Shared suffering, not religious dogma, may be the real cause of suicide attacks, argues Whitehouse


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The shared suffering and conflict of children by a large tank in Misrata Libya 2011

Conflict in Misrata, Libya 2011 (credit: Harvey Whitehouse)

Prof Harvey Whitehouse, a Seshat Founding Editor at the University of Oxford, questions the widely held belief that extreme forms of sacrifice such as martyrdom are a consequence of a virulent religious dogmatism. Citing new anthropological evidence from around the globe, Whitehouse contends in his recent article in the Pacific Standard that extreme Islamist teachings may not be sufficient to motivate acts of terrorism.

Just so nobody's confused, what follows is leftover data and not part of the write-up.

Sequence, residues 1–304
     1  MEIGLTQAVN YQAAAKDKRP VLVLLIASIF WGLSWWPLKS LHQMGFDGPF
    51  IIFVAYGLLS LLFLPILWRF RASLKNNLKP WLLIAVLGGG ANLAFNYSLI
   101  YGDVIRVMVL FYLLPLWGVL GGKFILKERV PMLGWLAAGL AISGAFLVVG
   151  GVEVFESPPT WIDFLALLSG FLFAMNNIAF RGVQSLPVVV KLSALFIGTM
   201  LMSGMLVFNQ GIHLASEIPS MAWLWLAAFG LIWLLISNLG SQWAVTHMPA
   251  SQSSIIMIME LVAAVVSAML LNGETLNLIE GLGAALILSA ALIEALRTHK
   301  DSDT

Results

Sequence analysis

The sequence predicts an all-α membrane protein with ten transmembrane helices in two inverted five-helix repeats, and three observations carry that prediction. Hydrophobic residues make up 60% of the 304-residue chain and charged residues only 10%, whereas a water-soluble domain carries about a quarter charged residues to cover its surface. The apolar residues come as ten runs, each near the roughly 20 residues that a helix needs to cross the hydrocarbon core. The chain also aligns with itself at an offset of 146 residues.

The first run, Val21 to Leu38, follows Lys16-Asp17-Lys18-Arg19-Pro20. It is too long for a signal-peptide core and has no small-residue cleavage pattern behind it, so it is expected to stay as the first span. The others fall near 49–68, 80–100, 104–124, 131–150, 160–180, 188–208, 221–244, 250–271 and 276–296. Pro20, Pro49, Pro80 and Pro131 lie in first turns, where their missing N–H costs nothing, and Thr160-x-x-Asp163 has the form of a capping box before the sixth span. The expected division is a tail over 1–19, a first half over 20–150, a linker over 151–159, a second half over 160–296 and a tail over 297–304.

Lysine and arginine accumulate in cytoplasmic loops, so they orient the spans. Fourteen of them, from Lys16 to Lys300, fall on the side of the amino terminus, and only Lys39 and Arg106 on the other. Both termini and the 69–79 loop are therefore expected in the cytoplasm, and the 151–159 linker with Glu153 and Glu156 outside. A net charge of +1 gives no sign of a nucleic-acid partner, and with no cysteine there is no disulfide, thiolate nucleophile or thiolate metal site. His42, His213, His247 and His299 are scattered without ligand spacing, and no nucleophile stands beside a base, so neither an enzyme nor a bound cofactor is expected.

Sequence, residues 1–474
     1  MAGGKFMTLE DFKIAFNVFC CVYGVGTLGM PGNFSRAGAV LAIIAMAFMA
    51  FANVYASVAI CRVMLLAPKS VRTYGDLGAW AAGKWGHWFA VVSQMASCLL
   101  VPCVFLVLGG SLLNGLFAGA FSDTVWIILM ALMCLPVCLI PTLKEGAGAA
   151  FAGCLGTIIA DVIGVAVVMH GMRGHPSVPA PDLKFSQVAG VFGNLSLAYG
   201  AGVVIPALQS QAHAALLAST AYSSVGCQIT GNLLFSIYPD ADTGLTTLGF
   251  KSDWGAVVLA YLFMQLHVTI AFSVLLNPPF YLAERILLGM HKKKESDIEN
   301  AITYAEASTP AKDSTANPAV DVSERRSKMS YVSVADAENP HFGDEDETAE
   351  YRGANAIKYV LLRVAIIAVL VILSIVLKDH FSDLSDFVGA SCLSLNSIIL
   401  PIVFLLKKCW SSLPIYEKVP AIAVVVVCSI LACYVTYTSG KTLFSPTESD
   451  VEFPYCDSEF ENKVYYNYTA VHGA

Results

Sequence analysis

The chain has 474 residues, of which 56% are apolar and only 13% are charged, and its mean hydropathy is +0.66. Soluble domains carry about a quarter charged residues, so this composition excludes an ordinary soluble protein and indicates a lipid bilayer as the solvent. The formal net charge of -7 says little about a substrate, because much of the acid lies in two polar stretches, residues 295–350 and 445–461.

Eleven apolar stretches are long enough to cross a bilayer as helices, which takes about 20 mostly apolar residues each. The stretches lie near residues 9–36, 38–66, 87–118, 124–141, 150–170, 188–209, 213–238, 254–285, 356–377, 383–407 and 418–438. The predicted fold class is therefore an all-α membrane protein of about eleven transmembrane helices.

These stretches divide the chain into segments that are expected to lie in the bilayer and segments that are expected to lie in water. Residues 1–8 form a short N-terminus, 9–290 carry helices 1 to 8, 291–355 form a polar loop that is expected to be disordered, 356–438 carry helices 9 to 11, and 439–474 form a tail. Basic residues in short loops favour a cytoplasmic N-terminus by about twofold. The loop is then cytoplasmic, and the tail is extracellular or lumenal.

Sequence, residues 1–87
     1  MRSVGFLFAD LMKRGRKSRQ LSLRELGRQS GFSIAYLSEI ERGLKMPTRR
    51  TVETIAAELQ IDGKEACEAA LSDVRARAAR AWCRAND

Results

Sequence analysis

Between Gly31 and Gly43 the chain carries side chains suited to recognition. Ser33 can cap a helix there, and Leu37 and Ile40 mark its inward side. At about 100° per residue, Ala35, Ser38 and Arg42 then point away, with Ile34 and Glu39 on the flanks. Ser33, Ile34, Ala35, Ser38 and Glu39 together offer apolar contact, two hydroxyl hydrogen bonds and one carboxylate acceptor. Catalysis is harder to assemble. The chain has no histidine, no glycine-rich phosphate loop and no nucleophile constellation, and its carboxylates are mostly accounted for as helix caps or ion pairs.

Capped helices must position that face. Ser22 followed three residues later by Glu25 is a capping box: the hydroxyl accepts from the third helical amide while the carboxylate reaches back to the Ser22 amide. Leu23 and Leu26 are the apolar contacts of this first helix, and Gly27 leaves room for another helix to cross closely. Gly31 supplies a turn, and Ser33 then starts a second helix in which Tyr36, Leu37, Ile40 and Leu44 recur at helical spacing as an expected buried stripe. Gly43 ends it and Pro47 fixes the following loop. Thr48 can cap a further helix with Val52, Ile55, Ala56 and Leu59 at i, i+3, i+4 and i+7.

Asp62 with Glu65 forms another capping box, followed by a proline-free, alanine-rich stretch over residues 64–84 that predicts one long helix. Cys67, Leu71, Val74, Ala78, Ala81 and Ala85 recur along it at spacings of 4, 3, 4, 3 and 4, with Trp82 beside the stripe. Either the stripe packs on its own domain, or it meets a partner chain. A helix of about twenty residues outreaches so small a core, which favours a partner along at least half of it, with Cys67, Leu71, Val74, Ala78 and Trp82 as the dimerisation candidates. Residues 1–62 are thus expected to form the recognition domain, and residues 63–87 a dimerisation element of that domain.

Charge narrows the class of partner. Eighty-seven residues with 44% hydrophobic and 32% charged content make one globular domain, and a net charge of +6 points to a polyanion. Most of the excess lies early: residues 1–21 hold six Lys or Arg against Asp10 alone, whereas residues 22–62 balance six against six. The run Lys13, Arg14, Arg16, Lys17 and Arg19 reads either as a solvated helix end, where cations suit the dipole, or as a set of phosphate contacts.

Instead, argues Whitehouse, every human being contains the potential for violent self-sacrifice. Experimental psychological evidence suggests that we humans have a powerful drive to save the members of our group. Bonding between individuals through group-building behaviors like painful rituals or a sense that others have suffered as we have suffered produce a strong desire to protect members of the group. When the group is threatened, we feel threatened, potentially motivating extreme forms of pro-group action. This effect is so strong that our affinity to protect our social group sometimes supersedes the bonds of family. Read Prof Harvey Whitehouse’s article in the Pacific Standard to learn more.

Whitehouse suggests that shared suffering is the real cause of extreme self-sacrifice

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